• The remaining 50% of data must be available within the next 5 days.

Your total RTO = 8 days.

To cite another example:

Suppose the Exchange Server is down. If your RTO is set at 5 hours, this means that the maximum tolerable downtime your business can survive is 5 hours, and your RTO for the Exchange Server must be less than 5 hours. Your disaster recovery policy must include the necessary steps taken by the IT department to backup and restore the data.

While setting the time to recovery objective, there’s no one-size-fit solution for a business continuity plan. RTOs as a point-in-time in the future can be set to recover data after the disaster strikes. However, should an incident occur, the real-life practicalities of your disaster recovery plan also depend on certain tools and technology employed to provide recovery. So, the ability to hit RTO varies as different technologies and DR tools vary in their capabilities. RTO is measured even before the outage has begun and includes the time taken to repair the servers, installing priority applications, and restore data. It also includes the methods of recovery and the backed-up data that needs to be recovered.

RTO, the Zmanda Way

RTO is an incredibly important goal and the foundation of a recovery plan. But, even though you have designed for the RTO time limit, sometimes, the outages, their causes, and different circumstances make it challenging to meet an attainable recovery and achieve business continuity. In this case, how do you determine the series of steps of practical recovery objectives? This is where we can help.

Achieve Continuous Availability

With Zmanda’s DRaaS plan and custom SLAs, no matter the size of your business, we can help you shorten outage times and avoid the pain of downtime depending on your business needs. Apart from hybrid backups to support the transition and achieving relatively faster RTOs, our enterprise solution combines Amazon Glacier with a 20X lower-cost of long-term data archival that deploys a robust high availability and ensures business continuity.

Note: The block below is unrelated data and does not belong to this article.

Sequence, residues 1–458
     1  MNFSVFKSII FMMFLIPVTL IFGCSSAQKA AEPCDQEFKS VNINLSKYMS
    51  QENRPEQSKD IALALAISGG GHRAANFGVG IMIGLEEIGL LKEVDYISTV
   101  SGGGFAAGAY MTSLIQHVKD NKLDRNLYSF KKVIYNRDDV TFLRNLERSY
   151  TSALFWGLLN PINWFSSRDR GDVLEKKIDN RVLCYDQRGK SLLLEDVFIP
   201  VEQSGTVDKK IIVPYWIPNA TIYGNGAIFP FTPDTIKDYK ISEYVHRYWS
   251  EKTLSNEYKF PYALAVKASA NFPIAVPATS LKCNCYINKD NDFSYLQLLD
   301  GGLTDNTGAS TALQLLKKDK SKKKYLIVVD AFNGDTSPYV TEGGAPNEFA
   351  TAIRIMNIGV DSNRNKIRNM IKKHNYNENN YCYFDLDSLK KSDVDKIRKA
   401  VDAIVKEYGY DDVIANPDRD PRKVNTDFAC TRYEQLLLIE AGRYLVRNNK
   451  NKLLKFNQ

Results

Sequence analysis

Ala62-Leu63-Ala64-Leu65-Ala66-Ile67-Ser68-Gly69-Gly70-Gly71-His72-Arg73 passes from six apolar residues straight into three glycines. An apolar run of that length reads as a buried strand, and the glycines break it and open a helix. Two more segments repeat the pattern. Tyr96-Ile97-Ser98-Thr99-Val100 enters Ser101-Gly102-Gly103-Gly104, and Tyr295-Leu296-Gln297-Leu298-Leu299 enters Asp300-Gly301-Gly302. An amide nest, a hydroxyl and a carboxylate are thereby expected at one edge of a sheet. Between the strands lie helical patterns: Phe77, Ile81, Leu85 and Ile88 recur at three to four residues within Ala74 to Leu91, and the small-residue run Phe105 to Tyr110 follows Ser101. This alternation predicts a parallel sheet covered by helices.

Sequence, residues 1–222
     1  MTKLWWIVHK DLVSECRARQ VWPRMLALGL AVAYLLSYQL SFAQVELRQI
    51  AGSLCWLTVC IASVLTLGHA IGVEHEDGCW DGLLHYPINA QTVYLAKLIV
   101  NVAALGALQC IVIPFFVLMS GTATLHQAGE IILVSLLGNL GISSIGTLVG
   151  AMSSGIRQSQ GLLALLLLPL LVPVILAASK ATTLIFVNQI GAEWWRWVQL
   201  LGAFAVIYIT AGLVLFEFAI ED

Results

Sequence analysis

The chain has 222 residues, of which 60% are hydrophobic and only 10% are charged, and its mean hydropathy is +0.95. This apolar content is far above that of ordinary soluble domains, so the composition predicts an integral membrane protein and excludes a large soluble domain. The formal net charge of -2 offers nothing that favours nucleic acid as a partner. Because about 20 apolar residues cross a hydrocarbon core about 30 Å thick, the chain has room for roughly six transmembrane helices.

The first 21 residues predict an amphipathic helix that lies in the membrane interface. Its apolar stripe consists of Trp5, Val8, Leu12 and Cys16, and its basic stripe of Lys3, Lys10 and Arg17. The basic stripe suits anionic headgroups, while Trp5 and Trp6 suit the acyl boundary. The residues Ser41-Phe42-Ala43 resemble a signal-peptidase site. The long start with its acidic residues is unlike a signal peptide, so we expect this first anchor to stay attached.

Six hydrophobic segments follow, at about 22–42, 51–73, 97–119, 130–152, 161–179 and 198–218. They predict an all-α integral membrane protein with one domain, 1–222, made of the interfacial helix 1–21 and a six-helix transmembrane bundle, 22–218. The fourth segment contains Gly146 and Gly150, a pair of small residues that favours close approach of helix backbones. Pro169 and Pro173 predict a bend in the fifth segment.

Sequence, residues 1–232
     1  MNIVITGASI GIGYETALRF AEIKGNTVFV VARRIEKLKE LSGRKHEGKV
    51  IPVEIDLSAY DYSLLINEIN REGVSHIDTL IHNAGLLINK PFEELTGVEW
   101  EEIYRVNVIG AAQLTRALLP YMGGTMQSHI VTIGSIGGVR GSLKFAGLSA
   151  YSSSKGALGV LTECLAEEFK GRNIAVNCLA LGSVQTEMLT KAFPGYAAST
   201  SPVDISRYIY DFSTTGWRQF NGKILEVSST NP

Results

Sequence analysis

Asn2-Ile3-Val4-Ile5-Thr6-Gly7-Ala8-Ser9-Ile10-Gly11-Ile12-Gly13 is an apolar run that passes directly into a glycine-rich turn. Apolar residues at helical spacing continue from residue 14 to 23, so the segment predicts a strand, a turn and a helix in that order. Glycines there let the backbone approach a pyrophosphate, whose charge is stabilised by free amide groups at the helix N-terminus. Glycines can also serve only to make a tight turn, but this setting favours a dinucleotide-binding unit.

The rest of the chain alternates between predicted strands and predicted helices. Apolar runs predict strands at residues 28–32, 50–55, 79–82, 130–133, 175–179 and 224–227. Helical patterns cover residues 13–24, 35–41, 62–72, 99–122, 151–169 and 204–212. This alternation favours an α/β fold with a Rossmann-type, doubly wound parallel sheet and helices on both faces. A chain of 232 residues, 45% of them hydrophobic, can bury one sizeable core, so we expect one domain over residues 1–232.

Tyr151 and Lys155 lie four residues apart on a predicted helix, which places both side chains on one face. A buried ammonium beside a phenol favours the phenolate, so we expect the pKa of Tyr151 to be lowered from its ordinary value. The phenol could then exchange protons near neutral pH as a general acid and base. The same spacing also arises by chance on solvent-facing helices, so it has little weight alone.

Our enterprise backup solution unifies backup, disaster recovery, and long-term storage archiving specifically tailored to clients’ needs. AWS Deep Archive solution equips you with more storage capacity of workloads that provide security, reliability, scalability, and availability while recovering your environment even at times of total server failure event.

Zmanda’s secure client gateway access support Secure Socket Layers (SSL) and layered security, you can move your data to a backup site in seconds without worrying about TTL-related delays. In addition, to protect access and enhance data protection, the SSL certificates establish a secure connection to allow communication between remote clients and the cloud gateways. Zmanda customers can meet stringent RTO requirements with a streamlined approach to recovery and restore using multiple RTO/RPO options based on the applications that you prioritize.

If you are worried about costly data loss and have questions about how to protect your business from disaster, visit our DR solutions page to learn more or contact us to speak with one of our experts!